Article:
The shell trees were assembled on a fabric covered Styrofoam base.  The shells were hot glued into place, then the trees finished with shells and freshwater pearls, attached with pearl headed pins.

~

This slideshow requires JavaScript.

~

Many shells can be found pre-drilled and strung, wherever strings of beads are sold.  Most shells come rather dull when found on the beach or purchased in bulk. 

~

December 7, 2015 trees 029

~

I polished these with a cotton swab dipped in pure mineral oil to bring out the colors of the shells.

~

December 7, 2015 trees 024

~

Finally, the wooden trees were the most interesting to assemble.

There are five different sizes and cuts of wooden sticks, found at several different craft stores, in addition to bamboo skewers from the kitchen.  I’ve added sheet moss to the undersides of the Styrofoam cones and to the wooden base for these trees.

~

December 7, 2015 trees 009

~

A ‘trunk’ is made by gluing broken sticks into the base of the cone in a roughly round pattern; about 1.5″ in diameter.  Glued to the styrofoam and to the wooden base, this makes a fairly sturdy foundation for building the trees, which are quite heavy.

~

December 7, 2015 trees 002

~

A friend made the miniature gnomes and rabbit for me a while ago.  They originally lived in a ‘fairy garden’ amid some shade loving plants.  Now they will live under these trees.  The larger gnome, and the mushrooms, came from the craft store.

~

December 7, 2015 trees 007

~

Interestingly, each tree came out differently. The wooden sticks are glued both to the Styrofoam, and to each other.  Larger sticks can be broken, and both ends used.  so long as the rough edges are covered by another stick, construction continues.  The bamboo skewers help cover gaps and holes.

The largest tree was constructed over two days.  I ran out of wooden sticks and had to finish after a shopping trip the following day.  I can see a difference in style from each session working with the trees.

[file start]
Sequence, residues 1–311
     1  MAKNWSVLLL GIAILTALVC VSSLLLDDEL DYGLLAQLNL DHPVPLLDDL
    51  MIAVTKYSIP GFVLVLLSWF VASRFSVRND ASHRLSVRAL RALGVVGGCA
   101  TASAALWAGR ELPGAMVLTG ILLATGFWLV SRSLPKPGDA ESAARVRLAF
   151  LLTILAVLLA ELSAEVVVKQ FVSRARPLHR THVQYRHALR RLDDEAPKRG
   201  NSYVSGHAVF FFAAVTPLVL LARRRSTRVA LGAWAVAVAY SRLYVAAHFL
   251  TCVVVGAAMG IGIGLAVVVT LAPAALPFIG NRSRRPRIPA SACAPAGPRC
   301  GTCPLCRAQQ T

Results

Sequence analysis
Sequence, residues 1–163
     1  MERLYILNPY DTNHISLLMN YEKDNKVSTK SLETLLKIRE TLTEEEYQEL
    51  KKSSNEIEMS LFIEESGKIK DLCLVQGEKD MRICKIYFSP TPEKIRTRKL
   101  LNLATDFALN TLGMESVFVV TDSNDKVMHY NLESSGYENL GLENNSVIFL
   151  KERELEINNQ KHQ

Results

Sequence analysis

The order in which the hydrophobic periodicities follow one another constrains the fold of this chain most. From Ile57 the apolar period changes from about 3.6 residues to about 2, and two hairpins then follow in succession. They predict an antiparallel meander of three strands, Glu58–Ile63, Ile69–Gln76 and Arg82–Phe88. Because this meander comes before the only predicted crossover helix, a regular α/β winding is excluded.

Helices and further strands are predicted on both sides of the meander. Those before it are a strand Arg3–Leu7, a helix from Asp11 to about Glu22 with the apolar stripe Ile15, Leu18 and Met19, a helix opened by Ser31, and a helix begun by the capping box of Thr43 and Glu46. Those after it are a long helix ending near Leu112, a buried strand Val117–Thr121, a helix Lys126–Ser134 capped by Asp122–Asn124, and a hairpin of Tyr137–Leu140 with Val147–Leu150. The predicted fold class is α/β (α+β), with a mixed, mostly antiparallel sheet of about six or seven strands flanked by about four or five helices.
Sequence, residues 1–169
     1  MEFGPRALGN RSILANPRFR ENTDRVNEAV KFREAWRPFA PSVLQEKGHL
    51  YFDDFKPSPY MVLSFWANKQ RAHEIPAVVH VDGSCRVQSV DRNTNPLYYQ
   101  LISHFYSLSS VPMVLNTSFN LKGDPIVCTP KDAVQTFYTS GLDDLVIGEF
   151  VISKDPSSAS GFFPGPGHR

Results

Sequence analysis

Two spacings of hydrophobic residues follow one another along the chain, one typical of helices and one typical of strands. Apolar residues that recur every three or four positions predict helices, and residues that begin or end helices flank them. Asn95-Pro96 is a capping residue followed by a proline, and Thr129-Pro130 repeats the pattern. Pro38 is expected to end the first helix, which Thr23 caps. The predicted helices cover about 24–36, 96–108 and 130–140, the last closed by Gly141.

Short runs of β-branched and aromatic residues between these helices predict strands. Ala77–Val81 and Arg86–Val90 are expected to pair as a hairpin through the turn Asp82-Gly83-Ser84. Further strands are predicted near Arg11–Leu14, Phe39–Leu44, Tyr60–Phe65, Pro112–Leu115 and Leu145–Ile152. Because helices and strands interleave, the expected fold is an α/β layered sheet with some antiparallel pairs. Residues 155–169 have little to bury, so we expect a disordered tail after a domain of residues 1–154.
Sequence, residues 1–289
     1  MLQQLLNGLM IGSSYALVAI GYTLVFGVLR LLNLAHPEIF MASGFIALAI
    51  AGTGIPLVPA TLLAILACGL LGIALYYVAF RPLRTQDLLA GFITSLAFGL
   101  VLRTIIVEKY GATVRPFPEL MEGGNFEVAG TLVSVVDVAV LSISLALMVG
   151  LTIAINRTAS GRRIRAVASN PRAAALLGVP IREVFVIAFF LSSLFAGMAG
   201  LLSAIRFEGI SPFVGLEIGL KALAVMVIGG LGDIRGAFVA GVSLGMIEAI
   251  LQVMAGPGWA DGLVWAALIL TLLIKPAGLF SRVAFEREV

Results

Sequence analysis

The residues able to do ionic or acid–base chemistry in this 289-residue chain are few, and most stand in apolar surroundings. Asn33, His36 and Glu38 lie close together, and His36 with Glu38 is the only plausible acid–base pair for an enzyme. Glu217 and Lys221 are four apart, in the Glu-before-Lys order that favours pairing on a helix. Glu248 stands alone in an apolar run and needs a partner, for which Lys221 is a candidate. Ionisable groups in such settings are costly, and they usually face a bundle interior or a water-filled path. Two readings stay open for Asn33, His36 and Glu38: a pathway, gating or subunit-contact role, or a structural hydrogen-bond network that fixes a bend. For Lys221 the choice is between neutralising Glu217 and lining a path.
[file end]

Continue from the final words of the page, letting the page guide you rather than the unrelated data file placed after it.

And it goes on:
~

December 7, 2015 trees 005

~

I hope these little trees inspire you to try something new this holiday season.

The shell trees are on our mantle at the moment; the other trees on the buffet in the dining room.  Since we start late with decorating here, these are bringing a little holiday joy to our home as they await their day at the luncheon.

Since we don’t truly need nine topiaries, we’ll find new homes for most of these after the luncheon next week.

~

December 7, 2015 trees 022~

I enjoyed working on these topiaries and learning some new techniques.  And, I”m still inspired by the fascinating photos of others’ trees discovered in my search.

There are free form driftwood trees, trees made with Cinnamon sticks, button trees, scrap fabric trees and trees covered in shiny glass balls…

Please do visit Sharon if you enjoy making things with your hands.  She has some wonderful designs, and offers clear and easy to follow instructions for her projects.

I appreciate the inspiration and guidance she offered as I was exploring ideas for this project.

~

December 7, 2015 trees 025

~

It always surprises me how much cheer a little Christmas decoration can bring as we descend into winter and the short dark days of December.

Whatever we can do to brighten the world for ourselves and for others is a good thing, I believe.

And I hope these little trees end up making the season a bit brighter for you and for all who see them.

~

December 7, 2015 trees 006

~

Woodland Gnome 2015

 

A Forest Garden 2016 calendar is available now.

Enter your email address to follow this blog and receive notifications of new posts by email.

Join 654 other followers

Follow Forest Garden on WordPress.com
Order Classic Caladiums

This Month’s Posts

Topics of Interest